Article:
About midway through She Shears, a documentary about the women who form a small but dogged minority of New Zealand’s shearing industry, subject Emily Welch explains her philosophy: “You can’t rise to low expectations”. It’s a deceptively simple platitude and one which, much like She Shears itself, belies how radical and remarkable the mere act of striving for greatness can be.
Chronicling the lives of some of New Zealand’s most legendary female shearers, as well as a few of the most promising up and comers, as they prepare for the sheep shearing world championships, She Shears is a quiet, thoughtful examination of a craft–and a group–that generally goes unseen.
From shearing world record holder Welch, a mother of three who juggles running a business with competition, to shearing and wool sorting double-threat Pagan Karauria, who mentors young women also interested in the craft, these women are tough, quickly and efficiently obliterating any notion that the sport is one more suited to men.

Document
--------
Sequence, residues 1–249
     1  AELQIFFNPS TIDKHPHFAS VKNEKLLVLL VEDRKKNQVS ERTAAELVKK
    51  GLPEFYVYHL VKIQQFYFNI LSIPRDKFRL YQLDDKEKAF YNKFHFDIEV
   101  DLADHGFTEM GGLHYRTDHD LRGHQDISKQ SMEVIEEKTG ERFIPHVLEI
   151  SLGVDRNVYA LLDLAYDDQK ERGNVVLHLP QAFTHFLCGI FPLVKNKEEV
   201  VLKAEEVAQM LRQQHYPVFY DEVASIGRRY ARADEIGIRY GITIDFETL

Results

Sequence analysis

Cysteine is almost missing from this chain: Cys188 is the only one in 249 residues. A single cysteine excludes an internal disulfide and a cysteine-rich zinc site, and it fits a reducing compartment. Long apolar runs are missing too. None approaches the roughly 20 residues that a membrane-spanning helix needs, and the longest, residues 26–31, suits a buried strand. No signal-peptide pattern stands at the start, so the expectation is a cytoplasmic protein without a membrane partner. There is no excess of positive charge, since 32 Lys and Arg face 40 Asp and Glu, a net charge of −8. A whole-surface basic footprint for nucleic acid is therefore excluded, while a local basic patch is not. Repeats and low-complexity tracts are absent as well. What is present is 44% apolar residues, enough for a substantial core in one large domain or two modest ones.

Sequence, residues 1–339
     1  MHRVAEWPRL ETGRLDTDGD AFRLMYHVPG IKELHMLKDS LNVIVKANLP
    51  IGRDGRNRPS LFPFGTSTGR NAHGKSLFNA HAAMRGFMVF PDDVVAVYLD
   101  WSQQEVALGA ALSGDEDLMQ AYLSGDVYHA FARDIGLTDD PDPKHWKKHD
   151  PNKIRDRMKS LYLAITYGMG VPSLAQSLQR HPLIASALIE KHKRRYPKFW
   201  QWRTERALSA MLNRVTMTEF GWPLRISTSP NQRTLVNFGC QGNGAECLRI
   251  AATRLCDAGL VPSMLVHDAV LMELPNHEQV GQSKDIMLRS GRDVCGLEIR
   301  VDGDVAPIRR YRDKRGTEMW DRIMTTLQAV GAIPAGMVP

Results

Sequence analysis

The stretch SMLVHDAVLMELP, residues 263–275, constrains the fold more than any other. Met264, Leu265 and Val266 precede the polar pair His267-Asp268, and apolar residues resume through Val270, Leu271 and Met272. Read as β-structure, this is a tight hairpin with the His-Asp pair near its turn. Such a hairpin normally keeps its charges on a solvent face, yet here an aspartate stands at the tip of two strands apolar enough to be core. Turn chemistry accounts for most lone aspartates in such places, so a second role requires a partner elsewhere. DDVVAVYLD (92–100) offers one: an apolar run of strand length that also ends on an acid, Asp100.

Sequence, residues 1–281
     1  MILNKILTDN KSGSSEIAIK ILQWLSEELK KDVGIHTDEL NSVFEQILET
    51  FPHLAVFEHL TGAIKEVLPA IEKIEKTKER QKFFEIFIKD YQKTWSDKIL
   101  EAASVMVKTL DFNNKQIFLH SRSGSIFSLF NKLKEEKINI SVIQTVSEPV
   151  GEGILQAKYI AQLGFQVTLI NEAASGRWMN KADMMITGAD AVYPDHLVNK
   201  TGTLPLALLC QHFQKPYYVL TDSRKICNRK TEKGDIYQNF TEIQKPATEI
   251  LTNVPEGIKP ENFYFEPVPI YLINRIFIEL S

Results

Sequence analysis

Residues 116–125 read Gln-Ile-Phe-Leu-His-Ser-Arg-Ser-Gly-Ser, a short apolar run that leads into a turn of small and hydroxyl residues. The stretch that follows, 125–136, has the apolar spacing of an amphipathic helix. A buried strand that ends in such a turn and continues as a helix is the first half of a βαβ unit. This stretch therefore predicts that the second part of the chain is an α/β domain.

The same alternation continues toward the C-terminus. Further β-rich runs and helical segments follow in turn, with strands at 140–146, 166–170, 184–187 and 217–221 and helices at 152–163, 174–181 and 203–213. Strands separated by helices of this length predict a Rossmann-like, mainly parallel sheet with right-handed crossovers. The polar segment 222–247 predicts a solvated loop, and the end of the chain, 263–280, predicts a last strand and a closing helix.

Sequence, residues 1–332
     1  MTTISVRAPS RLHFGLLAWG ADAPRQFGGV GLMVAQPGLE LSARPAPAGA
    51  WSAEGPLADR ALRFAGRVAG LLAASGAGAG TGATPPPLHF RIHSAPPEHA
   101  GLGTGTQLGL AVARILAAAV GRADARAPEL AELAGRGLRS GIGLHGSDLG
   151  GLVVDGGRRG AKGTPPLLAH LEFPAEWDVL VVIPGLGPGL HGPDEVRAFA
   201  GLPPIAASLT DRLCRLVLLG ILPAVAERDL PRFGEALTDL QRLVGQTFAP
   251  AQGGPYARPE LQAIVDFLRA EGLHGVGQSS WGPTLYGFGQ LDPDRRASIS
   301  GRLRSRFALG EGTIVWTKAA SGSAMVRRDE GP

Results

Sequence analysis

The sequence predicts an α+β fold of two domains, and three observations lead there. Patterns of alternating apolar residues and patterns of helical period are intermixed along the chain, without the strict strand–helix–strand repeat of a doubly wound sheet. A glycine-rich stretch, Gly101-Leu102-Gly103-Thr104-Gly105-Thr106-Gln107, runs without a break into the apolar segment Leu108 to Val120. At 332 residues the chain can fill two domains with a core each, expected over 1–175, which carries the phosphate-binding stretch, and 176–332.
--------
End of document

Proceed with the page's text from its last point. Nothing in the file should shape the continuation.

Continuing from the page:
Yet, as champion sheep shearer and High Court Barrister Jills Angus Burney points out, looming larger than the myth of physical capability here is a social presumption that women are not–or should not–be competitive. Perhaps most impressive then (other than the work itself, looking back-breaking), is the sheer determination with which these women have approached their dreams.
While it may at times be lacking the excitement and frisson of the competitions it documents, the dignity and integrity with which first time director Jack Nicol imbues his subjects makes She Shears watchable in a different way. A rare and rewarding glimpse into the lives of women rarely seen or heard on screen, She Shears is an illuminating celebration of what it means to rise to one’s own expectations.